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Rick Perry’s Concealed Carry Permit Suspended

Rick Perry’s Concealed Carry Permit Suspended

Indictments have consequences.

Democrats are still smiling over the recent felony indictment of Rick Perry, even as the Governor’s legal team is taking steps in court to reveal the spurious nature of the charges.

One consequence of the indictment, however, has thrown conservatives in Texas for a loop.

Texas media began reporting last week that because of the charges against him, Governor Perry’s concealed carry license has been suspended by operation of law.

§411.187 of the Texas Government Code states that the Department of Public Safety shall suspend (not revoke, as it has been reported) a concealed carry license if the license holder is charged with the commission of a felony under an information or indictment. The same section of the statute states in part that if the suspension is due to a felony indictment, that the Department shall suspend the license until dismissal of the charges.

While the actual suspension of Governor Perry’s concealed carry license isn’t malicious — you can tell it’s a statutory directive by the use of the word “shall” — it’s sure to pose an inconvenience to a man who has defined himself as a champion of gun rights. According to Reuters, the indictment also limits Governor Perry’s Second Amendment rights in other ways:

Under federal law, he is prohibited from buying guns and ammunition while under indictment for a crime punishable by imprisonment for a term exceeding one year.

“What he has he can use, but he can no longer purchase new stuff because of this felony charge,” said Josh Felker, who runs Lone Star Handgun, a shooting range near San Antonio.

Fortunately, the Governor will not be forced to surrender any guns or ammunition currently in his possession, and is still permitted to carry handguns on property that he “owns or controls.” He won’t be left defenseless, either: the ability of his security detail to carry concealed hasn’t been affected by the indictment.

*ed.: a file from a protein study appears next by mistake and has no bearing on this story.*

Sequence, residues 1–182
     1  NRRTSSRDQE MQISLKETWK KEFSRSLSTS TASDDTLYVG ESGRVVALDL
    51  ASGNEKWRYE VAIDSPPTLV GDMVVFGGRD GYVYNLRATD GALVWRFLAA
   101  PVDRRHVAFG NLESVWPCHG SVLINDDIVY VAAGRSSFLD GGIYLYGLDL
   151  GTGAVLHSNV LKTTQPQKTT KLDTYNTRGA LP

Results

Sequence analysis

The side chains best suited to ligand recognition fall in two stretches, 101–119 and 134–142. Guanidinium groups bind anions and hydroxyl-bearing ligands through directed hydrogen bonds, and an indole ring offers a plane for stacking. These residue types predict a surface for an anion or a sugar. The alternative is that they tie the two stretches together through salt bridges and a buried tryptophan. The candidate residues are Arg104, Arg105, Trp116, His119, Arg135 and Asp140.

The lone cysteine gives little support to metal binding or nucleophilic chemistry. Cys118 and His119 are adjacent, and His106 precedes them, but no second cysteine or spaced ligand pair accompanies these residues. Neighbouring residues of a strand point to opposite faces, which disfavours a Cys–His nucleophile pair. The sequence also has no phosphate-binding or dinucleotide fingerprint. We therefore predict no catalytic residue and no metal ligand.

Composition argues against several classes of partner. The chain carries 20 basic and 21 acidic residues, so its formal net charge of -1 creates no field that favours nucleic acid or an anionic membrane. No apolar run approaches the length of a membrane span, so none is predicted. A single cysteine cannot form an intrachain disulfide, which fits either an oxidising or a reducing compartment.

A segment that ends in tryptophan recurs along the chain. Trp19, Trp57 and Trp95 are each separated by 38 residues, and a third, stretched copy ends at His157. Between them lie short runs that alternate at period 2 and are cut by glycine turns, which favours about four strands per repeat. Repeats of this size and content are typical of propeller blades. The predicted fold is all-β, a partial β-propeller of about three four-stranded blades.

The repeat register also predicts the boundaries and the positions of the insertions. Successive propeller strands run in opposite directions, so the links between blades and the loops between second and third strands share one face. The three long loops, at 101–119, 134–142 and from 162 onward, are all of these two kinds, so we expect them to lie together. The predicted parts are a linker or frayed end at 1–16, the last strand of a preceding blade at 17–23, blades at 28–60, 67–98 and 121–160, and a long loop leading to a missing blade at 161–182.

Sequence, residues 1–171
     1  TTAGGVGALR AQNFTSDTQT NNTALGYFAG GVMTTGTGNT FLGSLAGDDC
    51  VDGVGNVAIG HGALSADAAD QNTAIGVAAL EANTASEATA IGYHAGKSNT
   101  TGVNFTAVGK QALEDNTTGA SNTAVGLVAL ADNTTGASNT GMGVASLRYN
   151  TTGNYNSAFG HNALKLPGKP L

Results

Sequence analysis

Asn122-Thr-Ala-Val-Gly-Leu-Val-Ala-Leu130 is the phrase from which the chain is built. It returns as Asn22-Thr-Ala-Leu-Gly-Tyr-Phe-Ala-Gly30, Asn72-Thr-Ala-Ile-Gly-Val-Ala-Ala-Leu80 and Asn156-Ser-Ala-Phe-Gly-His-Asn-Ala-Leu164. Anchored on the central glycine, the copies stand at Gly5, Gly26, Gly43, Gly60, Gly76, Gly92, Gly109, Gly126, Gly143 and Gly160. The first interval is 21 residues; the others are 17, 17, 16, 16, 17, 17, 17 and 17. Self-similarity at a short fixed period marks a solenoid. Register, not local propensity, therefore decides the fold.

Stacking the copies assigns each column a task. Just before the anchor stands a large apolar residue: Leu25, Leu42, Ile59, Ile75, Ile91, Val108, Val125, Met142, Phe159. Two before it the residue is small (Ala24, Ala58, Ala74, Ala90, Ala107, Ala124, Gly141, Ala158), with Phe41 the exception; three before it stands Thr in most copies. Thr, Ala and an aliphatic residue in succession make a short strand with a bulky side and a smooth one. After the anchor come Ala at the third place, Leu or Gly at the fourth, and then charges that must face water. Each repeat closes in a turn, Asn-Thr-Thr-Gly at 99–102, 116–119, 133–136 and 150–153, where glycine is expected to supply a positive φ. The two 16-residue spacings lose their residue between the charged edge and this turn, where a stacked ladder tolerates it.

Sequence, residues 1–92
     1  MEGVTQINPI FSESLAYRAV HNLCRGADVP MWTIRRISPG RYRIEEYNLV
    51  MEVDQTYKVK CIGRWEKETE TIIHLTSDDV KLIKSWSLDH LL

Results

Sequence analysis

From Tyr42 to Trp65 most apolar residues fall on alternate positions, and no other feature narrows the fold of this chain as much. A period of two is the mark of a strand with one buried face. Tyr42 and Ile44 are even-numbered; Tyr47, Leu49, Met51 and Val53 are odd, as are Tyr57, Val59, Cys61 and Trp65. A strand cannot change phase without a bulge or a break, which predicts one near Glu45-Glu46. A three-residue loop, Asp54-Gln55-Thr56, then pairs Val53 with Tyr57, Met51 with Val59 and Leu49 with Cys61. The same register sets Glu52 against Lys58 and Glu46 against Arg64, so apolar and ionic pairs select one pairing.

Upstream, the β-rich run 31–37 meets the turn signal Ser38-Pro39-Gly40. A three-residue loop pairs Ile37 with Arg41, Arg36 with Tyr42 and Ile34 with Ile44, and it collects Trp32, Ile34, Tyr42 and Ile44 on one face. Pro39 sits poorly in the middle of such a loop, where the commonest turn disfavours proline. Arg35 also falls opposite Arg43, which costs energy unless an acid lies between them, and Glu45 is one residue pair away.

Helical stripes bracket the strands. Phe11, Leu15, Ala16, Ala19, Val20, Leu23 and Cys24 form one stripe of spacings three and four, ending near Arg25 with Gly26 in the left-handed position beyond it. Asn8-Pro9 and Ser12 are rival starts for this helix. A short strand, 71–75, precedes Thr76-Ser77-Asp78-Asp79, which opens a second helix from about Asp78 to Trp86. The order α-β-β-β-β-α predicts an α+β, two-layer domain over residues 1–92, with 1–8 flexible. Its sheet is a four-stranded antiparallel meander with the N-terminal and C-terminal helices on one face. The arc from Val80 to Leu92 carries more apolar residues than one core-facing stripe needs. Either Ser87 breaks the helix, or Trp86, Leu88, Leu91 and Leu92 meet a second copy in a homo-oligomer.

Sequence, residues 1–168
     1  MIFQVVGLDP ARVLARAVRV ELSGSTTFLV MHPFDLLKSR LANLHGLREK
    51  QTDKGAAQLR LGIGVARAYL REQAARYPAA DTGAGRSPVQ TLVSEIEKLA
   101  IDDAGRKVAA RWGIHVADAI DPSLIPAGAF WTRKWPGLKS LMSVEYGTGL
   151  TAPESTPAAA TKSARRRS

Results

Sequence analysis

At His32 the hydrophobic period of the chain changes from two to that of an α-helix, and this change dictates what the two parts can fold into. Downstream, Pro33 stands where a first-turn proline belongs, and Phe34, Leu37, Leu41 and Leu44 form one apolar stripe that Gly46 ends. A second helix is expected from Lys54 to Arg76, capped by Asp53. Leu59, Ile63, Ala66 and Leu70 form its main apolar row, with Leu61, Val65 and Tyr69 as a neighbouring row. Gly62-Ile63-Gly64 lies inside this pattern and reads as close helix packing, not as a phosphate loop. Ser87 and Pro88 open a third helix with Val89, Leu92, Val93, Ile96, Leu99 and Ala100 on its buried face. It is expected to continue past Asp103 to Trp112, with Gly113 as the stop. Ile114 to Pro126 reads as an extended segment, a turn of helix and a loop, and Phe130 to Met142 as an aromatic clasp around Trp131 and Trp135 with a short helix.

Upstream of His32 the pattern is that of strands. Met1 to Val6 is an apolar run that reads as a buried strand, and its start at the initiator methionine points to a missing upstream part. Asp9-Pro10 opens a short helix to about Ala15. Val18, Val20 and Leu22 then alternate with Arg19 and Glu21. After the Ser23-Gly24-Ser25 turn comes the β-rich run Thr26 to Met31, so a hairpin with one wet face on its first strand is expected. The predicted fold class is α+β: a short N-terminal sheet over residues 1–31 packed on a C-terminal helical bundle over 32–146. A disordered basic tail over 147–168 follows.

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JimMtnViewCaUSA | August 28, 2014 at 11:41 am

Innocent until proven guilty?

    Innocent until white, male, Palin, pro-self-defense, pro-human rights (e.g. right to life), conservative, … Essentially, you are innocent until American.

    Not where carry laws are concerned.

    This is not limited to Texas, BTW. Most if not all states have similar restrictions on carry by those who have been indicted. I’d like to see that changed to “convicted” and perhaps it will get to that eventually, but for now…stand accused, be disarmed.

      MouseTheLuckyDog in reply to Larry. | August 28, 2014 at 2:18 pm

      I don’t think it is a bad idea to limit those indicted. As long as they are indicted of a felony involving violence ,

        JimMtnViewCaUSA in reply to MouseTheLuckyDog. | August 28, 2014 at 3:16 pm

        “I don’t think it is a bad idea to limit those indicted.”

        Yeah, overall, it may be a good idea on balance. Or not.
        Certainly in this case, we’re seeing the bad side of the idea.

        tom swift in reply to MouseTheLuckyDog. | August 28, 2014 at 3:24 pm

        These laws are not about protecting the public from violent crime.

        I can’t address the peculiarities of Texas, but in Massachusetts one of the many things which will prevent you from exercising any firearms possession rights in perpetuity is conviction of the crime of “failure to report a hotel or motel fire”. How’s that for violent crime? And it really doesn’t matter how long it takes them to think this crap up. Once a restriction like that is in there, there it will stay.

      Phillep Harding in reply to Larry. | August 28, 2014 at 4:33 pm

      There are so many ways that can be misused.

This is such BS.

What especially frosts me (and I know it is legally apples and oranges) is how the Obama Administration has been flaunting laws and the need for a special prosecutor for years. And they are not called on it.

I am losing faith in the justice system.

    Ragspierre in reply to EBL. | August 28, 2014 at 12:07 pm

    I’ll take the opportunity to revisit my caution: it is NOT a “justice system”. It should NEVER be called that. It is…on a GOOD day…a legal system. Any “justice” resulting from it is pure coincidence.

    It is a very good effort, however, by very imperfect people, to TRY to do each other “justice” in its BEST iterations.

    With people like Holder, Obama, and the Texas Deemocrats, it is used perversely, like any system CAN be used.